@Ray, sorry this does not qualify as science. Gathering information from surveys is not a factual basis for scientific conclusions. First the information gathered is merely opinion and not fact. For instance i have a friend who swears she is a vegetarian, she only eats fish and chicken. Hardly ever eats beef, sometimes a hamburger. See the problem there? She BELIEVES she is a vegetarian, however the facts are different than her opinion or recollection. How many people truly never ate meat or wish they had not? How many people say they do not eat sugar and sneak out for a chocolate bar but would never tell you. Controlled studies are the only way to glean true facts which then can be used to form some conclusions within a narrow range. Not these broad based parameters. Maybe people who eat bacon are care free risk takers who engage in unsafe sex, drunk driving etc etc. Is it because of the bacon? or is their behavior a reason they seek out bacon? Just please think for a moment before you label something science and equate it with scientific fact.

March, 15, 2012 at 11:53 AM

In addition when your study consists of only one small group of people, nurses, the results can be skewed. What percentage of the population are nurses? In theory it is possible for the entire non nurse section of the population to have results counter to the study. So the rest of us stop doing something that might lengthen our lifespan. My best friend is a nurse he has terrible eating habits due to the stress & schedule. However once he got married his eating habits improved, part of the problem was he worked so much he basically was afraid of dying alone. Did you ever think that nurse might be broken down into two types? the nurses who see death everyday and are less cautious eat what they want & party? and the nurses who decide to eat healthier, try to exercise after their shift and cut back on hours to have a better quality of life? Probably the stress kills far more than the diet. Not science by any means

Sam Johnson    
Ohio  |  March, 15, 2012 at 11:55 AM

Just another association study that proves nothing. There is no cause or effect relationship detailed here, no new discovery. But here is my prediction based on years of obersavation and reasearch which is not refuted by any other study: Everyone and anyone who ever ate a plant of any kind is dead or will die. Let Harvard prove me wrong.

Maryland  |  March, 15, 2012 at 12:04 PM

It’s a poor study and as indicated not representation of the general population. If you look at the nursing population most are overweight, eat on the run, long hours, rotating shifts and work in a very stressful environment. How is that representative of the general population? Unfortunately much of the research isn’t worth the paper it’s written on, one time it’s bad for you next time it’s good for you. This is just another study with predetermined outcome.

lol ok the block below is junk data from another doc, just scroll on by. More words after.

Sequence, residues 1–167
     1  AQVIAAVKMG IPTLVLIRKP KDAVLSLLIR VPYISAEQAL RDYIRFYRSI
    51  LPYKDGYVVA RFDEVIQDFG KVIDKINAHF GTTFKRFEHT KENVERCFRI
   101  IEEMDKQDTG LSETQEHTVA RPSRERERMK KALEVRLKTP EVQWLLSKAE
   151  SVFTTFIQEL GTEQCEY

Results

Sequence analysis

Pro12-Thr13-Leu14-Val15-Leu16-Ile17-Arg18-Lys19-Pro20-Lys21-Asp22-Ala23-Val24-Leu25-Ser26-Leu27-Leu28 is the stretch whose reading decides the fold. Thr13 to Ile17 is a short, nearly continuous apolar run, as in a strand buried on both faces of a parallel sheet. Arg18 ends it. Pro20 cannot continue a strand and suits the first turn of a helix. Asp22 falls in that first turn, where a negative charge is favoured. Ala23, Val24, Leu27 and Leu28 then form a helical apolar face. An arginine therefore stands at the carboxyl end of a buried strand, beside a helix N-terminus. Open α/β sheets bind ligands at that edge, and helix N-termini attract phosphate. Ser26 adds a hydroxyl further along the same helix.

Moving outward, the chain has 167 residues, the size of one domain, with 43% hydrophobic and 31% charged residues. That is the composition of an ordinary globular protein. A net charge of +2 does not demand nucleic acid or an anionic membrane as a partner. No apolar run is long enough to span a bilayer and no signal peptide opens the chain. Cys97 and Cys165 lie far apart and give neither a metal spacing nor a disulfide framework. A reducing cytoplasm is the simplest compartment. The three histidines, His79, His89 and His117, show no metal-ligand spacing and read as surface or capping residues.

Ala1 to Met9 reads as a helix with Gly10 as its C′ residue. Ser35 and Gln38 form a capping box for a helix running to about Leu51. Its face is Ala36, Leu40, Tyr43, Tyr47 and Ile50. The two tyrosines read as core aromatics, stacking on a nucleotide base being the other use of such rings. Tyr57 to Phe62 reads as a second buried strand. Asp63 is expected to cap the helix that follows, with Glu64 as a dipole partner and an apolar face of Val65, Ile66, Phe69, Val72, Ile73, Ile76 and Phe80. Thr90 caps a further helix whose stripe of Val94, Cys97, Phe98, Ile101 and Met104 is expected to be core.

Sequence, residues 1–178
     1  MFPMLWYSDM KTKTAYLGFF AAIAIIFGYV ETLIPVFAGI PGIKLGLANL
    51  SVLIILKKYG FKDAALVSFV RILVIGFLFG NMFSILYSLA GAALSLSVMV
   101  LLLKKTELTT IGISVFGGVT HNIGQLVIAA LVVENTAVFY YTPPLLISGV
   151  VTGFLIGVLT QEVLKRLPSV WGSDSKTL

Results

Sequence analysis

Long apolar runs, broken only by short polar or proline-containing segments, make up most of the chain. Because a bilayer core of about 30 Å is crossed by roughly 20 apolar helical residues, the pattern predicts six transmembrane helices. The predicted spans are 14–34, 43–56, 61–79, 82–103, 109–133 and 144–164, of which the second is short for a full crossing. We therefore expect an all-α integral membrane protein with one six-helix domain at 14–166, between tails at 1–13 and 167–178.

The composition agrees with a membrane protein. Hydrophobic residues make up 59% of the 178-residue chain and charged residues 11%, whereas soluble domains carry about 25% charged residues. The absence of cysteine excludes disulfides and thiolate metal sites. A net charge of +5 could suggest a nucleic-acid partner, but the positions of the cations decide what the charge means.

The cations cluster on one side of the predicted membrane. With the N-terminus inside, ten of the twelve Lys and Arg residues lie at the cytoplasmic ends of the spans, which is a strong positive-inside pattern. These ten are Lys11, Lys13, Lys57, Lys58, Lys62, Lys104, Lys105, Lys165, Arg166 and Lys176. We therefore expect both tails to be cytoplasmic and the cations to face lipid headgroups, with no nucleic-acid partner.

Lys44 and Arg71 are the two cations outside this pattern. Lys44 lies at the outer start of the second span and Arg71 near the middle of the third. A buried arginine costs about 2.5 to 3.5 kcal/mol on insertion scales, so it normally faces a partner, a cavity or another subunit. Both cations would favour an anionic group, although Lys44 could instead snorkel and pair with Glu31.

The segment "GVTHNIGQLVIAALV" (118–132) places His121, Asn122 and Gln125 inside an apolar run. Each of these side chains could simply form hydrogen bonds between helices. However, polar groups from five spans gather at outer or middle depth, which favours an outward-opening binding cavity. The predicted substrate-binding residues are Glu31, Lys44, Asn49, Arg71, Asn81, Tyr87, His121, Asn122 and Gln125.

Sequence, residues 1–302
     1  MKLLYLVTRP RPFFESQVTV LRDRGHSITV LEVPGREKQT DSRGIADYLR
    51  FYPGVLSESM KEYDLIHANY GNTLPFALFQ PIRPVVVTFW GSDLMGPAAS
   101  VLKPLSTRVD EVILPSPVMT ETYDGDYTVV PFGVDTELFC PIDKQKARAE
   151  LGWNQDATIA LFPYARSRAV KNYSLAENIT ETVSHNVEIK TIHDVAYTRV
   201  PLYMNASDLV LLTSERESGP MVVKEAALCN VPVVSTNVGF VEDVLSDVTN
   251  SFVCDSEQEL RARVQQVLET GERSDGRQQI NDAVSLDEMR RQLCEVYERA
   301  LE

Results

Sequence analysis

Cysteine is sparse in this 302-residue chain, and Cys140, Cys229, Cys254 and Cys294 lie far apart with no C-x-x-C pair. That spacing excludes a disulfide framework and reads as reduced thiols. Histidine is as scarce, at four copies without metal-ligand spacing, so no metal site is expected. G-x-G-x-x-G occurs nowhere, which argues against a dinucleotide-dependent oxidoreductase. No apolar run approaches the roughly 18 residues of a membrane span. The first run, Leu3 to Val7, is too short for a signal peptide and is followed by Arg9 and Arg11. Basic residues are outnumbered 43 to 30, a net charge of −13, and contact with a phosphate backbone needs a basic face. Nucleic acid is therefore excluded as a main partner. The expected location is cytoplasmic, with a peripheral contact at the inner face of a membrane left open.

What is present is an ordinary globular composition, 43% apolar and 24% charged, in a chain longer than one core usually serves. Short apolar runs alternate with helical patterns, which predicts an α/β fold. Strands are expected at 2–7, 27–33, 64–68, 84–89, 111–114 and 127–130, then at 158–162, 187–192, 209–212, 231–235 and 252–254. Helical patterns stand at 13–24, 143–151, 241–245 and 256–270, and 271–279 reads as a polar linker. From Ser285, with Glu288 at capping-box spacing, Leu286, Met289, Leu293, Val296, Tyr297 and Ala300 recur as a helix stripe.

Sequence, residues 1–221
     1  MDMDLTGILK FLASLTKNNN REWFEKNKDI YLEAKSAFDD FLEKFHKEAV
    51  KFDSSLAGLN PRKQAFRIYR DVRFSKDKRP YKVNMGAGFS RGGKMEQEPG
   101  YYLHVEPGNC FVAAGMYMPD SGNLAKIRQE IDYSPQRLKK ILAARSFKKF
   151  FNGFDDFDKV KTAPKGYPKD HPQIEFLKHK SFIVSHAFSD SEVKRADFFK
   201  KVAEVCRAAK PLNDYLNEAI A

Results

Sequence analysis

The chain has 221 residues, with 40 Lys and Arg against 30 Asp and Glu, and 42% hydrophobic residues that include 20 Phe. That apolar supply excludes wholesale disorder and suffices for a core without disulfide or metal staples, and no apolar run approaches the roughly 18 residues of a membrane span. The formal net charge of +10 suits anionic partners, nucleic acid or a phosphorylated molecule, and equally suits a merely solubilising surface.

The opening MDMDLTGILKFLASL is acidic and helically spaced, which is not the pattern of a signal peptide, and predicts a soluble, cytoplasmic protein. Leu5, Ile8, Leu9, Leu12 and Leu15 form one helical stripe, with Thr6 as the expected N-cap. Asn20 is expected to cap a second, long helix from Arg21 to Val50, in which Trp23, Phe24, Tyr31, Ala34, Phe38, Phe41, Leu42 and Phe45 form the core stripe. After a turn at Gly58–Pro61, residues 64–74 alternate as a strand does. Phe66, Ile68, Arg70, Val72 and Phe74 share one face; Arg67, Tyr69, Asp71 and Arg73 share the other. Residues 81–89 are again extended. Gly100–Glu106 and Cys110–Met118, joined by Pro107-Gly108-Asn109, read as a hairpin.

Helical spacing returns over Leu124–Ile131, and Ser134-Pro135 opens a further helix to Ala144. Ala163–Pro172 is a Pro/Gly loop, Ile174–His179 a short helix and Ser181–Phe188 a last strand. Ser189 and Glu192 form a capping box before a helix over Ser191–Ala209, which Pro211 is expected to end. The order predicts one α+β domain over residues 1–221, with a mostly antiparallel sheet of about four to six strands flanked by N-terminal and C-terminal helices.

Kentucky  |  March, 15, 2012 at 12:22 PM

For a short commentary on the issues writ a little larger, take a look at this article, published March 14. Perhaps it isn't time to panic just quite yet...(though concern for the long-term health of the environment should remain part of the discussion).

Jude Capper    
Pullman, WA  |  March, 15, 2012 at 02:32 PM

As a population, we simply don't understand the difference between "cause-effect" and "association" - an association between A and B does NOT mean that A causes B and vice versa. Furthermore, the results were expressed as relative risks - a measure that most people don't understand. Within this study, the absolute mortality risks (i.e. the probability of any one person dying) paint a rather different picture. Out of every 100 men, 1.23 men consuming three servings of unprocessed meat (the equivalent of one 9-oz steak) per week were likely to die, versus 1.30 men eating 6 oz of processed meat (bacon, sausage etc) per day (42 oz per week). Given the small difference in those mortality risks (which were similar for women) yet the huge difference (9 oz vs. 42 oz) in weekly meat consumption, we would be better served by focusing more on other factors (bodyweight, exercise, genetic propensity to specific diseases) that contribute the vast majority of our absolute mortality risk rather than assuming that we can live forever if we only replace a hamburger with a vegetarian meatloaf. More discussion here:

Pat Seeley    
Texas  |  March, 15, 2012 at 03:44 PM

Tell that to the Native Peoples of the High Arctic where their natural diet for years was mainly red meat and fat. They started having cholesterol problems as the refined foods came in. These so called "studies" are just more "junk science" to turn the minds of the uninformed. I'm a rancher in East Texas raising some of the finest grass fed beef raised on over 80 trace minerals in their diet and soil....and the vet can't make a living off these cattle as he seldom has ever had to see any of them. Just goes to show you, if the soil is healthy, the plants are healthy, the animals and birds are healthy and it follows through that we are too.............. I will continue to eat red meat "til the cows come home"!!!

Kentucky  |  March, 15, 2012 at 04:40 PM

I really wish we could dispense with the conspiracy mode when discussing issues that could negatively affect the meat industry. "Junk science" is one. While it looks like the study was limited and probably not nearly as conclusive as might be promoted, it is far too easy to categorize a scientific study one doesn't agree with as "junk". The whole debate on climate change sometimes seen here is another example. This is not an example of anything more than what happens in doing science generally: you can always come up with studies that contradict other studies. To poo-poo one you don't agree with so flippantly is to deny science completely. If you don't agree, do what the original article and several comments have done - bring more science to the table. And then you can have a dialog rather than a diatribe, whether from ABC or Rush.

Randal Hartman    
texas  |  March, 16, 2012 at 09:29 AM

most nurses are over weight, consume sugar filled drinks ,and smoke ,not saying all {most]

pa  |  March, 16, 2012 at 10:03 AM

Died prematurely of what? Nurses and others who work in health care settings are at higher risk of developing health issues due to potential exposures of communicable diseases, stressful job conditions and hours, institutional prepared foods....need I say more? The results of this study show little. Perhaps a call for more controlled, indepth research if there seems to be an association, but the uncontrollable factors need to be taken out of the equation first before a direct link can be assumed. We also cannot assume the general population will be similiarly affected by a narrow research group with no actual measured intake (only recall questionaires). Do any of you remember what you ate every day last week? I don't....